I have noticed a difference between the refrigerated, low pasteurized milk I've purchased in the USA and shelf stable packages of milk.  However, I've not done a direct inter-brand comparison of low and UHT pasteurized products to see if I can notice the difference between the refrigerated product and the shelf stable product.  But if I ever did want to do my on research here's a handy site that gives directions on how to Conduct a Milk Sample Test: http://www.health.state.ny.us/prevention/worksite/milk_taste_test.htm

I have also noticed a difference in the taste of milk products in Spain and Chile making me wonder if it's a matter of what the cows are feed-- are they "Happy Cows" as in California ?


Wonder if they'd be happier here in Chile and our earthquakes?

What does new research say?

Researchers in Oregon State University’s Department of Food Science and Technology have found a way to kill the microorganisms while keeping milk from tasting cooked. Researchers are using an emerging high-pressure technology to process milk at lower temperatures while still maintaining the safety of heat-pasteurized milk. The result is safe milk that tastes fresher and has a longer shelf life than conventionally processed milk. Researchers, Michale Quinn and  Pedro Vazquez-Landaverde, are some of the first scientists to study the technology of high pressure effect on flavor (2006). This newer processing technique for dairy milk results in a “fresher” taste and a shelf life that outlasts conventional processing by more than 30 days. If commercialized, the technique could help local dairies find larger markets for their product while maintaining their high quality standards.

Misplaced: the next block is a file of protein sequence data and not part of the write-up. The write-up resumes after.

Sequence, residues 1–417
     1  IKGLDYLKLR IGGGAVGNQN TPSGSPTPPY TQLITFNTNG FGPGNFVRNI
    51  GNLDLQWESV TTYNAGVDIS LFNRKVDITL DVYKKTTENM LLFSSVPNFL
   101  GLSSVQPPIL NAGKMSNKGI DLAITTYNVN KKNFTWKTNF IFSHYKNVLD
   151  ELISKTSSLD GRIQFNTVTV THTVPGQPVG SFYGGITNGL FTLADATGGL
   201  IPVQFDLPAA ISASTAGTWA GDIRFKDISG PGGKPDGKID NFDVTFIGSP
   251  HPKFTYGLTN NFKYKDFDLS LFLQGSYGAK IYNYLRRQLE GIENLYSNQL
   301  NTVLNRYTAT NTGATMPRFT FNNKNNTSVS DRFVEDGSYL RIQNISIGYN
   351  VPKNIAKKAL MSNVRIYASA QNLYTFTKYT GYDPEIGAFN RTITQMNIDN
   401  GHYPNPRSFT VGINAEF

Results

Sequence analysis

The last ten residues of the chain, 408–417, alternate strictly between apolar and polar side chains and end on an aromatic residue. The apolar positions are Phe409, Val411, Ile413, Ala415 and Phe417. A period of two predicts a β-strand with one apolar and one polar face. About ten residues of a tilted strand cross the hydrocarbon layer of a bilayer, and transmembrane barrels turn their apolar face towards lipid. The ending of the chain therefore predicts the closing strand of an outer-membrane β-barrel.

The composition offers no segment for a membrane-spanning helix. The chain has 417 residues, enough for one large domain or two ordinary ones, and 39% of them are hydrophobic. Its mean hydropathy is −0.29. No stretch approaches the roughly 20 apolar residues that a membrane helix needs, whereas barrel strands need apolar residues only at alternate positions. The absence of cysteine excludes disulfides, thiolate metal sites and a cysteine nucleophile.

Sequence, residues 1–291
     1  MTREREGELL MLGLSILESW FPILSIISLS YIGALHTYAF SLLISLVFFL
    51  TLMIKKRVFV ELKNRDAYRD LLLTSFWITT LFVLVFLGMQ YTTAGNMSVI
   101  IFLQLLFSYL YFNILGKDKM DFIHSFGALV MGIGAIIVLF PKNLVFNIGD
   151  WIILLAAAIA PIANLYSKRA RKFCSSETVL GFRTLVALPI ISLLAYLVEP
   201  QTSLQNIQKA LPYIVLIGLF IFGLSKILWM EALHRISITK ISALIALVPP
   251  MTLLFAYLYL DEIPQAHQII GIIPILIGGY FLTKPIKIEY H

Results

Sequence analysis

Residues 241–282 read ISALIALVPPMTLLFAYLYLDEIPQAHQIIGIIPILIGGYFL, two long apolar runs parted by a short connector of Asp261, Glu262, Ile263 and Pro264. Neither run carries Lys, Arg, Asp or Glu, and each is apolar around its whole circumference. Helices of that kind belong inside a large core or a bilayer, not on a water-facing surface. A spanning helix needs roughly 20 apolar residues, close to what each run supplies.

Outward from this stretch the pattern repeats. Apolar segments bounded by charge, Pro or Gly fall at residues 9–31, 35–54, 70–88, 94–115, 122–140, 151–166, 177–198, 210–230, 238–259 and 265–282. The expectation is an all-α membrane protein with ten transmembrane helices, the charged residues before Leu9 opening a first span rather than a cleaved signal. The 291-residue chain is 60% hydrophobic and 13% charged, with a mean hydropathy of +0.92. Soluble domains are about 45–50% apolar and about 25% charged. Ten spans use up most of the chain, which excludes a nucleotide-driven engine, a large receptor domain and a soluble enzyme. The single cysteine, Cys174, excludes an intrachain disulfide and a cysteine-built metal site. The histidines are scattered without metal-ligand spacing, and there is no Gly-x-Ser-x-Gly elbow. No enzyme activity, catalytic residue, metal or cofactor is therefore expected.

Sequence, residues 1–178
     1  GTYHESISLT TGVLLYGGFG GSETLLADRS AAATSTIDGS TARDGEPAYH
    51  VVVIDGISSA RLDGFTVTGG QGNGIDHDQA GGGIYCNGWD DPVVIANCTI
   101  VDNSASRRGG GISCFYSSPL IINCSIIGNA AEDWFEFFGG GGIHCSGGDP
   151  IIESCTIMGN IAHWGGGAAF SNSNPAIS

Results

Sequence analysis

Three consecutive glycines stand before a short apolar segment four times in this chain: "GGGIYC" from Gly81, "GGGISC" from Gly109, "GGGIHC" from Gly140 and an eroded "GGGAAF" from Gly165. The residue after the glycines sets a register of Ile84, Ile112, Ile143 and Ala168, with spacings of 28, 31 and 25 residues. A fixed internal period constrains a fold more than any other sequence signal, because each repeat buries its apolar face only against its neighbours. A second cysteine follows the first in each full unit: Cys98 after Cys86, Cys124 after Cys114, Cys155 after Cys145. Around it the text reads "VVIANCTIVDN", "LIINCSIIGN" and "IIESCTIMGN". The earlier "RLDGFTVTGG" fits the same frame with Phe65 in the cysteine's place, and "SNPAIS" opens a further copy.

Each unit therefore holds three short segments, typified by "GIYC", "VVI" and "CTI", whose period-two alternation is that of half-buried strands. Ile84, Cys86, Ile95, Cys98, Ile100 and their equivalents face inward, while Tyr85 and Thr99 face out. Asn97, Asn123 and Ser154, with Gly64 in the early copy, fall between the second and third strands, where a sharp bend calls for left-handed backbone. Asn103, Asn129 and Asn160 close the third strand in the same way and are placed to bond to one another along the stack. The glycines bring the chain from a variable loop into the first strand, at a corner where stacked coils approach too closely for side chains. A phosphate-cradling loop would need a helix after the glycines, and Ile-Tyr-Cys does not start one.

Click here to read more and view news video on the process:

Got milk? Now Keep It Fresher Longer!

Milk processed under pressure could be available to consumers in three to five years if it becomes cost-effective. The technique is already being used in other industries as a method of microbial control.
Click here to Go Inside This Science or contact:
Dr. Michael Qian
Food Science, Oregon State University
Corvalis, OR
(541) 737-9114